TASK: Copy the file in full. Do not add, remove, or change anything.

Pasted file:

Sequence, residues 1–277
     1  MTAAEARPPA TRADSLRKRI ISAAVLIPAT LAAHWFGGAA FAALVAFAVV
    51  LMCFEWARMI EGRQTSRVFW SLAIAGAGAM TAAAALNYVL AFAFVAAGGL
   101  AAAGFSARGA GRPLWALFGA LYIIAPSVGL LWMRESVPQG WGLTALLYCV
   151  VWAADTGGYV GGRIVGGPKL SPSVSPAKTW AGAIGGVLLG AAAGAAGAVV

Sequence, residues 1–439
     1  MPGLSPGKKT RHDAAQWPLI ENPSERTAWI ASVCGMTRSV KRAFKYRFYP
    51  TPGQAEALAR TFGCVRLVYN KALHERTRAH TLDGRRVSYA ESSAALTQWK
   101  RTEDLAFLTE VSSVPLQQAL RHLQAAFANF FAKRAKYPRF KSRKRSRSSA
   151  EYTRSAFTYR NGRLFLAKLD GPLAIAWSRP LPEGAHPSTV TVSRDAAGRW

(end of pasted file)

Sequence, residues 1–277
     1  MTAAEARPPA TRADSLRKRI ISAAVLIPAT LAAHWFGGAA FAALVAFAVV
    51  LMCFEWARMI EGRQTSRVFW SLAIAGAGAM TAAAALNYVL AFAFVAAGGL
   101  AAAGFSARGA GRPLWALFGA LYIIAPSVGL LWMRESVPQG WGLTALLYCV
   151  VWAADTGGYV GGRIVGGPKL SPSVSPAKTW AGAIGGVLLG AAAGAAGAVV

Sequence, residues 1–439
     1  MPGLSPGKKT RHDAAQWPLI ENPSERTAWI ASVCGMTRSV KRAFKYRFYP
    51  TPGQAEALAR TFGCVRLVYN KALHERTRAH TLDGRRVSYA ESSAALTQWK
   101  RTEDLAFLTE VSSVPLQQAL RHLQAAFANF FAKRAKYPRF KSRKRSRSSA
   151  EYTRSAFTYR NGRLFLAKLD GPLAIAWSRP LPEGAHPSTV TVSRDAAGRW